4. “Browned or yellowed” leaf tips or margins. This can be caused by many kinds of stress, but the most common causes are infrequent or improper repotting and/or lack of grooming. Sometimes that leaf is yellow simply because it’s old and should be removed! These symptoms may also appear if the strep is very rootbound.
5. Crowded and/or deformed center growth. Streps are very fast, vigorous growers, and need to be divided and repotted into fresh soil at least every 6 months. When very rootbound, especially in very old soil, center growth may show these symptoms. In extreme cases, it can be mistaken for a mite infestation.
6. Lack of bloom. This is rarely a problem for us–we have had some plants that have been in bloom (or about to) every day of the year for four and five years running. If it does stop blooming, and culture (i.e. feeding, light, etc.) is good, it may be because there is too much “old” growth. Each leaf will produce 6-10 bloom stalks but, after that, will stop producing more buds. Unless there are new, healthy, leaves being produced, blooming will eventually cease. Dividing and repotting, giving the plant a fresh start, usually solves this problem.
Here are a few, simple, “rules of thumb” in growing streps that should increase your chances for success.
1. Use very light soil mixes. Especially true if you wick-water or otherwise plan to keep your plants constantly moist. If wicking, we would suggest using a mix of at least 50% perlite. It’s also a good idea to let the reservoir go dry occasionally before refilling (this goes for violets, too). Keeping too-dense a soil, too wet, is the most common problem growers have. Keep those roots happy!
2. Use a balanced fertilizer. “Bloom boosting”, or high phosphorus, fertilizers are not necessary for good blooming. If you have healthy roots and leaves, blooms will come. Streps are very vigorous growers and need to be fed regularly and adequately.
3. Regular grooming and pruning. Don’t be afraid to remove old leaves, especially if they’ve already produced a number of bloom stalks. Also remove leaves that seem to be “competing” for the same space, or getting in each other’s way. Remember, also, that leaves can be trimmed with virtually no effect on blooming–we’ve had pots of “stubble” in heavy bloom!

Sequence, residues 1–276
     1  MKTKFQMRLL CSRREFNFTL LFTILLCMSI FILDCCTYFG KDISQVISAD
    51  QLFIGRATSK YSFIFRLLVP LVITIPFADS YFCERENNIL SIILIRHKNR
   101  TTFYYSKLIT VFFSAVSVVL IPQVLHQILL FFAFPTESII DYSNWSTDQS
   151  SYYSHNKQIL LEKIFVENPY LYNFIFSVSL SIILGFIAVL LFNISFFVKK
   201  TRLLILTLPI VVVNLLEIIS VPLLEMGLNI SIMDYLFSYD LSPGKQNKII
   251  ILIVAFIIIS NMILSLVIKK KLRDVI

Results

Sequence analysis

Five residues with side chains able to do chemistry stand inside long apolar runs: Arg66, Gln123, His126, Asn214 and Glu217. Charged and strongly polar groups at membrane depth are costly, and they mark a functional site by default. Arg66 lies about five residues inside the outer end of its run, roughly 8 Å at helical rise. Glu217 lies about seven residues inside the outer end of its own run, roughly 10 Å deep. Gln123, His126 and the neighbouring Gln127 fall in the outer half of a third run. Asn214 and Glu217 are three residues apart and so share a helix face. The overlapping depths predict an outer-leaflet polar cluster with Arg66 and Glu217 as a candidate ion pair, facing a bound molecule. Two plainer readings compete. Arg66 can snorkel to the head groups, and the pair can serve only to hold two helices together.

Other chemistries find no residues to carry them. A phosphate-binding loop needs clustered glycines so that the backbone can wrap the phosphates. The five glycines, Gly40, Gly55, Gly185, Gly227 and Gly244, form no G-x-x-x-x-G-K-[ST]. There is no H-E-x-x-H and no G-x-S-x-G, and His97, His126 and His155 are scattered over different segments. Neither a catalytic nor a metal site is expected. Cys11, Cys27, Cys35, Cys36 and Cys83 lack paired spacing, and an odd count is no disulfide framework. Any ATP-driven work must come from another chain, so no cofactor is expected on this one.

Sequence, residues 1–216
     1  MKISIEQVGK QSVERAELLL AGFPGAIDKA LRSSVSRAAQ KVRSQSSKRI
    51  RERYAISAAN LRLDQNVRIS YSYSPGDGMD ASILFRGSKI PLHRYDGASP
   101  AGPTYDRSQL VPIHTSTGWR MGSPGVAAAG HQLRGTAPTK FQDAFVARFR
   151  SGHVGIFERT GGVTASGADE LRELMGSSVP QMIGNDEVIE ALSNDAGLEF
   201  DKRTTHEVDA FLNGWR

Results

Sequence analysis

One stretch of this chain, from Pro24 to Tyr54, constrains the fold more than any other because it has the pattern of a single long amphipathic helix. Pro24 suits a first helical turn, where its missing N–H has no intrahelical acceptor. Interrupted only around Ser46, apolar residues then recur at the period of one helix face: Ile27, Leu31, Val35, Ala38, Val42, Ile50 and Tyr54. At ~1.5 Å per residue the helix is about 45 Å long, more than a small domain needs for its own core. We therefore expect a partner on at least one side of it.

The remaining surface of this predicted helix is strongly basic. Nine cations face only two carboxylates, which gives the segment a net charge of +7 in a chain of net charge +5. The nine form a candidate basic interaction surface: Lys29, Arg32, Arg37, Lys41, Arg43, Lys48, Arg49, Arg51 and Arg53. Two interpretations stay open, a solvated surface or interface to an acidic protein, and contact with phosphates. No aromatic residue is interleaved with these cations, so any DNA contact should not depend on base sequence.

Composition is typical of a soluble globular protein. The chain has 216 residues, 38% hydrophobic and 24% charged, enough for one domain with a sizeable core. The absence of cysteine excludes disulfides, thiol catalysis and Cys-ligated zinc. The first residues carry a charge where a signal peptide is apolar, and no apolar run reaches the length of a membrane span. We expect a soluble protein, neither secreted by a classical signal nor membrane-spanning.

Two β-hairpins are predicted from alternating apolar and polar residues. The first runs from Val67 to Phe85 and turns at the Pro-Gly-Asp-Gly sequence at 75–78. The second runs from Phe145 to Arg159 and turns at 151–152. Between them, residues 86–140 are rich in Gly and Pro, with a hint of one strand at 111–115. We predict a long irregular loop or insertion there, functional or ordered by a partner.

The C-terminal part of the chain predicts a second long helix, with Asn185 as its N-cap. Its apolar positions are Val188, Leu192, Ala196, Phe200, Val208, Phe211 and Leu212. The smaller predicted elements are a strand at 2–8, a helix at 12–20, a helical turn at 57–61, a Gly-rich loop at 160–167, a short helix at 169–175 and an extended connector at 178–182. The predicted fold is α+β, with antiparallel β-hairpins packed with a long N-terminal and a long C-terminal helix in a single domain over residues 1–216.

4. Regular repotting. If a strep has healthy roots, it’s happy. If it doesn’t, it won’t be. Proper pot size, and fresh soil, are needed for new, healthy, root development. Neglect here is the second most common problem. Be sure to water more sparingly until new roots have begun to grow into the added soil.
5. Don’t overcrowd. This goes for violets (and all plants) too. Don’t create a “jungle-like” environment. Threat them like weeds, and they’ll grow and look like weeds.
Future possibilities (what we look for in seedlings):
What we, as hybridizers, are looking for are qualities that don’t already exist, or need perfecting, and those that make the plant easy to grow. As commercial sellers, we also want a plant that will be marketable (what people will buy), propagates and grows quickly, transports well (for shipping), and is unique to us (as opposed to other sellers). Here are some of our current goals in our breeding program:
1. Plants that are tolerant of neglect and adverse growing conditions.
2. Small, compact growers preferred. So that they can fit on a windowsill, and more can be fit onto a light garden shelf. Glossy leaves, sometimes with dark and/or red-backing, growing in a flat (not upright) manner, preferably in a rounded (even rosette) form.
3. Long lasting blooms that are stick-tite and will hold up to mailing, transportation to shows, and handling. Double, or triple, blossoms are preferred for this reason. So that plants can easily fit onto light stand shelves, short, stiff, bloom stalks, with five or more blooms per stem, are desirable.
4. Unusual colors, like fantasies, multicolors, and edges. The possible colors, and combination of colors, are nearly limitless. Unusual shapes and textures, such as frilled or velvety blooms.
5. Even better, how about variegated leaves and fragrant blooms? Such hybrids are just now making their way into the hobby. They presently leave much to be desired with respect to growing ease and performance, but the possibilities for something really spectacular is there.
Many of these have already been achieved, by us and other hybridizers, to a degree. The future is exciting!